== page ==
A handful of states, including California, Florida, and Illinois, also have far-reaching bans on the open carrying of firearms in public, which effectively bar people from displaying firearms at public protests. Such bans help limit the intimidating effect of visible guns at protests, so lawmakers could consider an open carry ban in places that don’t already have one on the books. After Bruen, however, such bans may be on weaker footing, as Thomas approvingly cites 19th century state court judgments striking down open carry prohibitions. Indeed, gun rights advocates are already planning challenges to open carry bans.
A more jurisprudentially grounded approach in the wake of Bruen is to ban guns in “sensitive places” where protests often take place, including at statehouses, courthouses, and polling places. According to Thomas, courts can “assume it settled” that carrying firearms in such “sensitive places” can be “prohibited consistent with the Second Amendment.” (Confusingly, Thomas grants this not because such prohibitions have a longstanding history—but because of a historical absence of disputes around the few bans that the historical record does reflect.)
Most states already outlaw guns inside statehouses, but far fewer limit them on statehouse plazas and grounds—a traditional venue for protesters seeking change from their elected officials. Indeed, more than one-third of all the armed protests that occurred in 2021 were around statehouses, in some cases forcing legislatures to cancel their sessions. While not explicitly addressed in Bruen, statehouse grounds can likely be considered “sensitive places” for the purpose of firearm bans—particularly discrete areas immediately adjacent to statehouse buildings that are readily identifiable as government property. Lawmakers should follow the example of Washington state, among others, that have recently made such areas gun-free zones.
Similarly, legislators should ban guns near polling places and vote-counting centers. The presence of armed protesters at these locations can suppress turnout and intimidate both voters and poll workers. During the 2020 presidential election, armed protesters turned up at vote-counting facilities like the Maricopa County Recorder’s Office, where Trump supporters wielded AR-15s while officials inside processed Arizona ballots. Despite the gravity of this problem, only seven states and Washington, D.C. currently ban firearms at polling places, including by armed protesters.
The most direct approach to protecting the freedom of assembly from firearms is to simply ban guns at or near protests. For example, Washington, D.C. bans all firearms within 1,000 feet of a demonstration. Before enforcing the law, police must warn anyone with a gun to leave the area and only those who refuse to do so can be prosecuted.
The D.C. ordinance, which has parallels in at least three other states, directly addresses the core problems of guns at protests. While this type of regulation has not been directly scrutinized by the courts, there are reasons to believe it would survive if framed as a “sensitive place” regulation or “time, place, and manner” restriction. In Bruen, Thomas confirmed that the list of “sensitive places” is expansive, suggesting that lower courts can find that modern-day firearm bans “in new and analogous sensitive places are constitutionally permissible.” Like other “sensitive places” the Court has explicitly recognized—i.e., legislatures, courts, and voting booths—protests, and wherever they take place, are also central to the functioning of democracy. Protests also tend to involve heated emotions among different groups and are frequently attended by law enforcement (limiting self-defense arguments), all of which argues in favor of including them in the list of “sensitive places.” Further, as Paul Clement conceded on behalf of petitioners during oral arguments in Bruen, a ban on firearms at an event like a demonstration could potentially be considered a reasonable “time, place, and manner” restriction.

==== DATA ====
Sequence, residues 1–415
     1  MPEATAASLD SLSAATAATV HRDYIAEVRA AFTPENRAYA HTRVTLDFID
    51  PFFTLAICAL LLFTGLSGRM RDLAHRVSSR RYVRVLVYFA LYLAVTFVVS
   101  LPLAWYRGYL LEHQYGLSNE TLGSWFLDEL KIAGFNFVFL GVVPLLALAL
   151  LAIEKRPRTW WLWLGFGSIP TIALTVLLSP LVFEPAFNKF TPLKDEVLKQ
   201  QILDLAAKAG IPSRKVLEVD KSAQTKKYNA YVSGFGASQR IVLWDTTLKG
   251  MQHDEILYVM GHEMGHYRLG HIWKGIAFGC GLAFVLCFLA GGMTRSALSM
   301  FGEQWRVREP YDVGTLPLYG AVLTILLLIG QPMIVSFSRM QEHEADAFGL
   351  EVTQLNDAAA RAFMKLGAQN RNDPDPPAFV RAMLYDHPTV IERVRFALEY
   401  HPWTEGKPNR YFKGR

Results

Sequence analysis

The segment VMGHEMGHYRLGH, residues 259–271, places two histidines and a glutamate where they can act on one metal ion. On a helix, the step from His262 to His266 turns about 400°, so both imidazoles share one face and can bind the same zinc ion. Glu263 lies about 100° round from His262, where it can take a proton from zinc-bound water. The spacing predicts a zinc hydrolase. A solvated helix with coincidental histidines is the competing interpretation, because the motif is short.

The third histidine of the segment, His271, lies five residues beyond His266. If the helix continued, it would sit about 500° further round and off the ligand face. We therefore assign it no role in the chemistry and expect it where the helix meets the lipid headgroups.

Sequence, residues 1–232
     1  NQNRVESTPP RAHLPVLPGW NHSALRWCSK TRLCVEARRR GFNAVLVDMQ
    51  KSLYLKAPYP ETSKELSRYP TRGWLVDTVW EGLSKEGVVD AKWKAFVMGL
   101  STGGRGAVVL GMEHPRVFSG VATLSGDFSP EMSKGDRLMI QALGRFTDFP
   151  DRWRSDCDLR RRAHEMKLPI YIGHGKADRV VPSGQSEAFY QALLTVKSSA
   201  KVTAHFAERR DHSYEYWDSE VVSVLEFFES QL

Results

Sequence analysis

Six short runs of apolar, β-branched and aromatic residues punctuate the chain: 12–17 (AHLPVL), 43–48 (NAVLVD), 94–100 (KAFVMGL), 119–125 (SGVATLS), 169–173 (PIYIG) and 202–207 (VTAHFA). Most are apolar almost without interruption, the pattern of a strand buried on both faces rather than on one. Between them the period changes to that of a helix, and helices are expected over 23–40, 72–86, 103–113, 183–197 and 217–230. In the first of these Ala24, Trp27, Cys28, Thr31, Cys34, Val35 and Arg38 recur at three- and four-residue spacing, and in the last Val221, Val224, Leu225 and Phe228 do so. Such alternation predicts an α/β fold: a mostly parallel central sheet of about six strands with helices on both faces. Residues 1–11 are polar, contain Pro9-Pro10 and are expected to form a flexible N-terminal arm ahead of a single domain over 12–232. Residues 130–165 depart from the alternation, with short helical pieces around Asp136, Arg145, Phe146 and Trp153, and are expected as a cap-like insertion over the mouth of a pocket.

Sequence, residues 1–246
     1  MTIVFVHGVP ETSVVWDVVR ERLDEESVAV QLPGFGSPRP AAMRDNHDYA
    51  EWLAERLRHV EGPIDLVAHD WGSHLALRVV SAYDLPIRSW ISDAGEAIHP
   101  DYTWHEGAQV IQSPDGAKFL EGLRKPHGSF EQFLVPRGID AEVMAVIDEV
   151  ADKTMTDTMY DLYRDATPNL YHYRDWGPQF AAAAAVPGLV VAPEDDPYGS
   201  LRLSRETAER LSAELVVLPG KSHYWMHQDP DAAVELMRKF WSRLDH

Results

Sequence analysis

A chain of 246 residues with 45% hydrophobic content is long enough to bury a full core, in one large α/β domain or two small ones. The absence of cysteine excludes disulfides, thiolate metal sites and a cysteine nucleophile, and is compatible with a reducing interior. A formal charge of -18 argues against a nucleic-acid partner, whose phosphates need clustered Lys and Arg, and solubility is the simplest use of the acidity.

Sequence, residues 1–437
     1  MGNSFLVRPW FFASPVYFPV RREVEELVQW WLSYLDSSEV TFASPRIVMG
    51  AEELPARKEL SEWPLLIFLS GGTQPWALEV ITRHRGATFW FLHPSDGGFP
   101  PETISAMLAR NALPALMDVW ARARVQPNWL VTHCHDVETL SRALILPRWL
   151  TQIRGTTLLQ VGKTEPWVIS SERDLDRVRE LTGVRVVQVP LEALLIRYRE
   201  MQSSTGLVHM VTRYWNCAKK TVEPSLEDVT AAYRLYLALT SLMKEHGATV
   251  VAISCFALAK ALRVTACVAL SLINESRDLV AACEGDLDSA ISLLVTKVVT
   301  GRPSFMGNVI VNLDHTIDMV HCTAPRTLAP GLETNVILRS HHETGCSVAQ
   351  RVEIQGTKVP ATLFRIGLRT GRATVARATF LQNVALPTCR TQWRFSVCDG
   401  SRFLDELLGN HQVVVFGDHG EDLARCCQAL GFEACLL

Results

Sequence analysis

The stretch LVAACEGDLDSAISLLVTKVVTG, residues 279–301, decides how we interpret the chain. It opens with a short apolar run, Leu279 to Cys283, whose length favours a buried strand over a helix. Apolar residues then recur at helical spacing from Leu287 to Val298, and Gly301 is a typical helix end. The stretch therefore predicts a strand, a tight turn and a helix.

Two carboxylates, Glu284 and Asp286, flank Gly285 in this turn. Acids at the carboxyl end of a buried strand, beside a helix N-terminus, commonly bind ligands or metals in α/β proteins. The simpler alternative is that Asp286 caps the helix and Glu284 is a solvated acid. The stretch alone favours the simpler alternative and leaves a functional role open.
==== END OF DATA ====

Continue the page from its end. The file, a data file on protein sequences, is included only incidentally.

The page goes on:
Finally, lawmakers can draw on and build upon longstanding prohibitions on armed private militias. In at least eleven states—including New York, Texas, and Massachusetts—anti-militia laws include bans on the marching or parading of an armed group. The Supreme Court held in 1886 that a similar ban in Illinois did not violate the Second Amendment, and reaffirmed its stance in District of Columbia v. Heller in 2008. While it is somewhat less clear how anti-militia laws would apply to solitary armed individuals marching as part of a protest, or armed individuals claiming to be providing protest security, the laws are important tools available to reduce the presence of guns at protests.
Guns at locations where protests are occurring are a serious problem that chill the rights of demonstrators and increase the risk of violence, including political violence. Bruen creates new uncertainty for gun regulation, but lawmakers still have a number of options they can—and should—pursue to protect the First Amendment right to peaceful assembly, and all fundamental activities of democracy, from firearms.